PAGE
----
Her father, a poor labourer from Bangladeshs rural north, said he didnt worry too much when the first warts appeared on his daughters face about four months ago. But as the growths spread rapidly, he grew concerned and brought Khatun from their village to the capital for treatment.

We are very poor. My daughter lost her mother when she was only six. I really hope that the doctors will remove the barks from my beautiful daughters face, her father, Mohammad Shahjahan, said.

Another of Khatuns doctors said the young patient was displaying a milder form of the disease, and it was hoped she would make a quicker recovery than those in the more advanced stages. The hospital has been treating one man with a serious case of the disease for the better part of a year, conducting 16 surgical procedures to remove giant warts from his hands and legs.

Huge growths weighing 5kg each had consumed the hands of 27-year-old Abul Bajandar, the first recorded Bangladeshi to be suffering from the disease. His plight has captured national attention and the interest of Prime Minister Sheikh Hasina, who promised the patient would receive treatment free of charge.

Doctors said in January that for the first time in a decade, Bajandar had been able to touch his wife and daughter, and was almost ready to leave the ward.

Read more: https://www.theguardian.com/global-development/2017/feb/01/bangladeshi-girl-sahana-khatun-could-be-first-female-with-tree-man-syndrome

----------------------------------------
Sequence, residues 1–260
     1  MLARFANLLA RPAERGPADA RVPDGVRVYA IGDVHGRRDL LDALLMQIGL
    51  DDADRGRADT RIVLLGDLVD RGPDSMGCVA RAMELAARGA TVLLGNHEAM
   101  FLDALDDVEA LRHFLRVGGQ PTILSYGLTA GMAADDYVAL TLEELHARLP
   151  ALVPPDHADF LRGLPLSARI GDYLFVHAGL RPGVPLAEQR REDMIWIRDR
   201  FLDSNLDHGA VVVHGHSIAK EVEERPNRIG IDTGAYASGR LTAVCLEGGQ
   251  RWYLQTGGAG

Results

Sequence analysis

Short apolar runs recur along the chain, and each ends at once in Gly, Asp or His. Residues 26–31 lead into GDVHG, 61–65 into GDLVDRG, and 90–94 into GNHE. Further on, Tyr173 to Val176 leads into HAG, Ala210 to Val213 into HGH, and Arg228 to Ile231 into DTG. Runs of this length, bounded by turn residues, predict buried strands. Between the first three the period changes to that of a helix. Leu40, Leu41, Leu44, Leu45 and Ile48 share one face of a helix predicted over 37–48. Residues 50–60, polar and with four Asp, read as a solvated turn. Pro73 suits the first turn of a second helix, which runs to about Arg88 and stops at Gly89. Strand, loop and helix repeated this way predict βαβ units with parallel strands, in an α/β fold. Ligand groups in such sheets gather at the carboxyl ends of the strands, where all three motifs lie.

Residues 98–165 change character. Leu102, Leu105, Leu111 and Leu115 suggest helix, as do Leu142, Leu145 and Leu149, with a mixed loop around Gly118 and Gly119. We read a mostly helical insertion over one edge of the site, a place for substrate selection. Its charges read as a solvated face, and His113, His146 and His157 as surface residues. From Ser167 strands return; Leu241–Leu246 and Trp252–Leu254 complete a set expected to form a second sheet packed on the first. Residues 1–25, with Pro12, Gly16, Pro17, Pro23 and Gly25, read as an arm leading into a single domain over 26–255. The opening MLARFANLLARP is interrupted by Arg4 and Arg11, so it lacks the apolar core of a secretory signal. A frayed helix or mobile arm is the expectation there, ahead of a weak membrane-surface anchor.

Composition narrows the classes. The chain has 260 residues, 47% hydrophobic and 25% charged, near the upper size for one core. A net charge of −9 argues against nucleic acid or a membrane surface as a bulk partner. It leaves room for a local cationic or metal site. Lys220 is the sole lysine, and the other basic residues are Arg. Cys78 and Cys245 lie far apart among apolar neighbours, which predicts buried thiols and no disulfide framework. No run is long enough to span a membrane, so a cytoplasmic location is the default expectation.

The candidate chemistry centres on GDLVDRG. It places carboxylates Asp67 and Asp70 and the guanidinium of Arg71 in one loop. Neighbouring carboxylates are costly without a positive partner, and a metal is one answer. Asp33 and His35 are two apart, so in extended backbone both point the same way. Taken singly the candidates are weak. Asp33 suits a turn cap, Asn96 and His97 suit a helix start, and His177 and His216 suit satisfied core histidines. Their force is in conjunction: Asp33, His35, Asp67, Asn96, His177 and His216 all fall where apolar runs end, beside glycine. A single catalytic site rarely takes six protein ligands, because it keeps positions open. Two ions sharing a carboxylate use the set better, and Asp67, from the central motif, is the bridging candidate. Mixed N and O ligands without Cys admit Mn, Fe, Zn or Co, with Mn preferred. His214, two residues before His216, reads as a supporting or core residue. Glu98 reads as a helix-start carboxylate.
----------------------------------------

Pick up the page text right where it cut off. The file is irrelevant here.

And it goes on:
Poorer countries fail to act on smoking due to big tobacco threats, says WHO

Industry lobbying means low- and middle-income countries fear raising cost of cigarettes which is most effective way to curb smoking

Many low- and middle-income countries are too scared by the threats and misinformation of big tobacco to raise the price of cigarettes, even though it would hugely benefit both health and the economy, according to a major new report.

The most effective measure to help people stop smoking is to impose high taxes on cigarettes, says the report by the World Health Organisation and the US National Cancer Institute. But even though smoking costs the world economy $3trn (2.5trn) a year, poorer countries are afraid to tackle it in the most effective ways, it says.

They are scared because of the issues raised by the tobacco industry, said Jeremiah Paul of the WHOs tobacco control economics unit. The industry warns of an increase in smuggling and illicit trade in tobacco, for instance, which the WHO and the US National Cancer Institute, the co-producers of the report, say does not happen.

They are afraid of being taken to court if they increase tobacco taxes, said Paul. They [the industry] will scare you that tobacco taxes are anti-poor, that government revenue will go down. But there is no evidence to support any of these claims, he said.